Focus is shifting more and more towards this question, so education on what affects rates and what can be done to combat their eventual increase is of much importance.
Joseph P. Okaly, the Assistant Portfolio Manager at Buy/Hold Plus, addresses this question, so follow on below to read an article overview or click to read the full Rising Interest Rates: How are you prepared? article.
Part 1: What can be done to combat rising rates?
Conventional thinking often begins and ends with when rates rise, bonds go down in value, with those of longer durations (more years left) affected the most. This results in the most common combative technique, and the one that receives the most attention, of buying shorter term bonds. However, while certainly an important component, shortening duration is not by any means the only strategy in combating rising rates.
It is important to note that the common term of “rising rates” generally boils down to the fear of increasing U.S. Treasury rates – one category of bonds. Clearly, an increase in U.S. Treasury rates will adversely affect all fixed income sectors. However, there is no “pure” correlation between the U.S. Treasuries and other fixed income sectors. In other words, rising rates do not equate to a common loss across all debt securities.
The type of debt securities also affects the reaction to rate changes. Bank Loans for example have a variable or floating rate usually with a lower credit quality. This is completely separate than TIPS which adjust principal for inflation, but have a core tightly associated with government securities. While a large variety of options can provide confusion, it can also provide opportunity in balancing the credit quality, interest, inflation, and extension risks inherent in the bond market.
Part 2: How our bond portfolio is positioned
Our approach is a pre-emptive one, positioning our portfolio to better withstand a rise in interest rates, whenever that does happen to occur. While no one seems to think this will happen tomorrow, when it does happen the popular belief is that it will be quick. The Wall Street Journal’s Matt Wirz recently wrote about just this, citing the changing shift among large bond funds such as BlackRock Inc., TCW Group Inc., and Pacific Investment Management Co.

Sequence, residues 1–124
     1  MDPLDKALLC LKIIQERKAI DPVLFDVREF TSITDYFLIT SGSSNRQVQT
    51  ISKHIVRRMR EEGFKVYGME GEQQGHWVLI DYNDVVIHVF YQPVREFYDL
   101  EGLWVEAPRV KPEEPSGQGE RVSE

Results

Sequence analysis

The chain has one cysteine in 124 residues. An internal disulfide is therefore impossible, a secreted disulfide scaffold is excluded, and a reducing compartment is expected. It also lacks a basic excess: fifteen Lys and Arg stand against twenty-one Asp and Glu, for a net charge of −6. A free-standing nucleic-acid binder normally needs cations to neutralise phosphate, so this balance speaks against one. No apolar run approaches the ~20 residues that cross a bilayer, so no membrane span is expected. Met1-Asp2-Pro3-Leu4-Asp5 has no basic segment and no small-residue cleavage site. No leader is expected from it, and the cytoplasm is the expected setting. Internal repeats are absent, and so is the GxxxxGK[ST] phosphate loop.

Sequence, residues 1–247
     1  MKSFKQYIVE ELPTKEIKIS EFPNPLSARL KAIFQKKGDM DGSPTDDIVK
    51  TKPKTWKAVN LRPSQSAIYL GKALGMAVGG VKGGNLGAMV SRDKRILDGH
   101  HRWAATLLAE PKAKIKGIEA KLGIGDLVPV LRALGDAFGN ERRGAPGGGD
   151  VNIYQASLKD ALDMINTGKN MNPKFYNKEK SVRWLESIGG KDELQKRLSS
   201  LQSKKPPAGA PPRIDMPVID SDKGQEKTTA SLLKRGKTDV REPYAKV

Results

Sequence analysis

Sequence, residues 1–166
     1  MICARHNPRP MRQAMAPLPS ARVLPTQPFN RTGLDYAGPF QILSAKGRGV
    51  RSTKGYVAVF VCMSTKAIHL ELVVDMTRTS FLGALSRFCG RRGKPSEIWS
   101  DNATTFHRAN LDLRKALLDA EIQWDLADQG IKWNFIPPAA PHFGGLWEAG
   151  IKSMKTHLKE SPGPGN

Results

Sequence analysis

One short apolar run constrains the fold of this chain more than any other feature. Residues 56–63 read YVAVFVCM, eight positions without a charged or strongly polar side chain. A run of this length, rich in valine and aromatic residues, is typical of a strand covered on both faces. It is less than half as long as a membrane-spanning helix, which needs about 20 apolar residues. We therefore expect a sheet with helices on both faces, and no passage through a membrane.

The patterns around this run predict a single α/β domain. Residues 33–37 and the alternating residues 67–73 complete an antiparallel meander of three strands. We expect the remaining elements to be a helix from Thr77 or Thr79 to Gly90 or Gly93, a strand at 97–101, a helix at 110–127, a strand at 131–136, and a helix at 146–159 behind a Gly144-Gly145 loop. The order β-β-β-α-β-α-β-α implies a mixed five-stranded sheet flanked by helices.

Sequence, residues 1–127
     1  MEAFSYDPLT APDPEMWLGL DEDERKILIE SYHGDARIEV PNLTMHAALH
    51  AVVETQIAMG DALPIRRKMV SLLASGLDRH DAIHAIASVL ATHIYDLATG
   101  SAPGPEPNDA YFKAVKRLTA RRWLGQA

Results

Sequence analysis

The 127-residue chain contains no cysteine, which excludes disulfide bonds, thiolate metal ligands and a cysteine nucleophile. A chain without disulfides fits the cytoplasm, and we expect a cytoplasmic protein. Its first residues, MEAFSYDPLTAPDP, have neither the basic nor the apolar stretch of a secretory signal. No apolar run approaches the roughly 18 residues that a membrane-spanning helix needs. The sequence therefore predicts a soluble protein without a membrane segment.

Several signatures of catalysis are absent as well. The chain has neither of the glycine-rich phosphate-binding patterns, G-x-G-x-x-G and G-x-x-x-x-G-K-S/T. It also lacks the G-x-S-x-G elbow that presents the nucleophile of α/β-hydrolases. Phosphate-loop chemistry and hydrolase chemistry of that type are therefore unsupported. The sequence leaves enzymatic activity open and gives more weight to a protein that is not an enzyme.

“Rather than trying to guess exactly when that moment will happen, they are pre-emptively making investments that will pay off when it does. The moves include buying debt with floating interest rates that rise as overall rates climb, as well as interest-rate swaps and inflation-protected bonds that will also increase in value.” – Matt Wirz, Wall Street Journal, March 2013
In an effort to position our clients favorably for this inevitable interest rate rise, our bond portfolios have drastically scaled back their U.S. Government holdings, increased Global and General Intermediate Term Bonds, and added a new asset class in Emerging Market Debt.
Part 3: Case study for previous rising rate periods
While every period of rising interest rates acts uniquely depending on the contributing circumstances, and past history is no indication of future results, it can be interesting to see how funds have navigated previous rising rate periods.
As Figure 3 illustrates by examining the last number of recent rising rate periods, there are still possibilities for bond accumulations despite an environment of rising rates. Global and Emerging Market Bonds illustrate this well during the last period of consistent increases to the Federal Funds Rate, as our portfolio’s global bond holding outperformed the Barclays Aggregate by over 13% during that two year time period of rising rates.
No one knows when rates will increase, only that they will increase at some point in time. However, with a vast amount of fixed income asset classes and security types, rising Treasury rates certainly do not equate to a common loss across the board. Based on current fund allocations and their past successful navigation of rising rate environments, we feel very favorably about our positioning and security selections in the bond market for the uncertain interest rate environment to come.